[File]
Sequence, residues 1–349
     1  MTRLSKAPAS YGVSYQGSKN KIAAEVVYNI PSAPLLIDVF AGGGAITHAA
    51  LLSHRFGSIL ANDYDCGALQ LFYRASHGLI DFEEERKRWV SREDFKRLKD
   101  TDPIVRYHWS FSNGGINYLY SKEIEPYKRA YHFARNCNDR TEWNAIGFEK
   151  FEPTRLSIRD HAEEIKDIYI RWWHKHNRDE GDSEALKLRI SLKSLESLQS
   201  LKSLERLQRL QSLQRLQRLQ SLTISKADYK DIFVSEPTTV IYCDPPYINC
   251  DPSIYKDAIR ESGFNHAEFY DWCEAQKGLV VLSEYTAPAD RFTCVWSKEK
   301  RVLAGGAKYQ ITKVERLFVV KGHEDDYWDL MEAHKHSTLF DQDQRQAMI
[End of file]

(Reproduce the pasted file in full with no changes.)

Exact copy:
Sequence, residues 1–349
     1  MTRLSKAPAS YGVSYQGSKN KIAAEVVYNI PSAPLLIDVF AGGGAITHAA
    51  LLSHRFGSIL ANDYDCGALQ LFYRASHGLI DFEEERKRWV SREDFKRLKD
   101  TDPIVRYHWS FSNGGINYLY SKEIEPYKRA YHFARNCNDR TEWNAIGFEK
   151  FEPTRLSIRD HAEEIKDIYI RWWHKHNRDE GDSEALKLRI SLKSLESLQS
   201  LKSLERLQRL QSLQRLQRLQ SLTISKADYK DIFVSEPTTV IYCDPPYINC
   251  DPSIYKDAIR ESGFNHAEFY DWCEAQKGLV VLSEYTAPAD RFTCVWSKEK
   301  RVLAGGAKYQ ITKVERLFVV KGHEDDYWDL MEAHKHSTLF DQDQRQAMI